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Home Uncategorized The hegemony of history

The hegemony of history

Johnny Lyons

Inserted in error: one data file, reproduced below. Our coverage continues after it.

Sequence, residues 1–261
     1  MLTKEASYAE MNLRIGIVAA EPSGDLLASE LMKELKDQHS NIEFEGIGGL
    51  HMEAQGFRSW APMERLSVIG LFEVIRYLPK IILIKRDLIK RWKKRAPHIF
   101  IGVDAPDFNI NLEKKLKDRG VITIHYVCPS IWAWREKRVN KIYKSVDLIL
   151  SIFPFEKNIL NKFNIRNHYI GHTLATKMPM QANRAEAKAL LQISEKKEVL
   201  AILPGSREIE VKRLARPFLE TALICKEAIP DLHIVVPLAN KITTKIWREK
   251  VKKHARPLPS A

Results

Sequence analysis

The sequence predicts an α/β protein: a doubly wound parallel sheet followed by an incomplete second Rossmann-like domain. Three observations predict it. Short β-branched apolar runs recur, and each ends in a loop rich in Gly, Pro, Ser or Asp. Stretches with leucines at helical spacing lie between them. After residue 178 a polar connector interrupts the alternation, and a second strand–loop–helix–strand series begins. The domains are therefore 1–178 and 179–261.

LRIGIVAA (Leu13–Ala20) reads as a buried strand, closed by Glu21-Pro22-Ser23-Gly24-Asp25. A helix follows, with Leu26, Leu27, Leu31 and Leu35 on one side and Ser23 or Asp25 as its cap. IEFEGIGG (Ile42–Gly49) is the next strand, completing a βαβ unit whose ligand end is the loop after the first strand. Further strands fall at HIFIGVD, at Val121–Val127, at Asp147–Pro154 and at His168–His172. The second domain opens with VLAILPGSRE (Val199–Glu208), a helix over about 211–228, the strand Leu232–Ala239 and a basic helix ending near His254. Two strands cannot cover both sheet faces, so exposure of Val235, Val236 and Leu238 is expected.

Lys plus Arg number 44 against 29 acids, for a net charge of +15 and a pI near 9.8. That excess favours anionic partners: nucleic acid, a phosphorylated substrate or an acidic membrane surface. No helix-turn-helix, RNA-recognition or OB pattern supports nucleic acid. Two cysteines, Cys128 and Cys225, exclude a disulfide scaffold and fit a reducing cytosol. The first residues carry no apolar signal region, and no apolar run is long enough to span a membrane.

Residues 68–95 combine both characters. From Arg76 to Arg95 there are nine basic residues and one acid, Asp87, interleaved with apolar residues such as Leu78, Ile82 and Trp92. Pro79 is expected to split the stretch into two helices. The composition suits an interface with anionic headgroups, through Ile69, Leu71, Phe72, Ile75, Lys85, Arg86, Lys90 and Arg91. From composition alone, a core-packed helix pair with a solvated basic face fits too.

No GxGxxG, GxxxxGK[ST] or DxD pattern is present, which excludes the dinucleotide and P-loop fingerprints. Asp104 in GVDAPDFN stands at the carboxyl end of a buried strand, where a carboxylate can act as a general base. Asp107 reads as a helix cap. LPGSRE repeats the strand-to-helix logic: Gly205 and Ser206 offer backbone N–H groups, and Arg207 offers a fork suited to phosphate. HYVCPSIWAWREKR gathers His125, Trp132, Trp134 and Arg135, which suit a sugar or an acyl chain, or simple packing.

Machiavelli: a Very Short Introduction, by Quentin Skinner, Oxford University Press, 128 pp, £8.99, ISBN: 978-0192854070 Not long ago there prevailed a certain way of studying the history of philosophy in which the great books of Western speculation were treated as repositories of perennial insight accessible to inquiring minds of any period and place. Classic works such as Plato’s Republic, Hobbes’s Leviathan and Rousseau’s Social Contract were chosen for their reserves of unchanging and universal wisdom. Unsurprisingly, only grudging lip service was paid to the specific historical conditions from which past thinkers and their ideas emerged. For why would one bother to study the historical context of the venerable classics when all their really interesting and important ideas already lay open to view? The Cambridge historian of ideas Quentin Skinner has, over the last fifty years, been providing an original and arresting response to that apparently rhetorical question, one that has been instrumental in turning the subject on its head. The publication of a revised edition of his superb short study of Machiavelli provides an opportunity to discuss his understanding of the history of ideas and its relevance ‑ if any ‑ to our present concerns. There are, I would suggest, three basic elements that explain the nature and power of Skinner’s radical reorientation of the history of ideas, and they can be illustrated through his account of his account of the thought of the Renaissance thinker Niccolò Machiavelli, one of the two major political theorists that Skinner has spent much of his career researching and also a figure about whom most of us know something. Skinner argues that if we want to understand a book like Machiavelli’s The Prince it is not enough just to read it in isolation, since texts do not emerge from nowhere, being invariably written for a reason. It is the job of the historian to discover what that reason was. This leads us to trying to recover the meaning of a text, which in turn can be reconstructed only by interpreting the text as an intervention in a particular historical milieu, one that is defined by its own specific linguistic practices and ideological preoccupations. In short, the historical context provides the key to unlocking the meaning of a text. This might not appear so unusual an approach, but the implications of Skinner’s insistence on the centrality of context are far more consequential than they seem. For once we take contextualism seriously…



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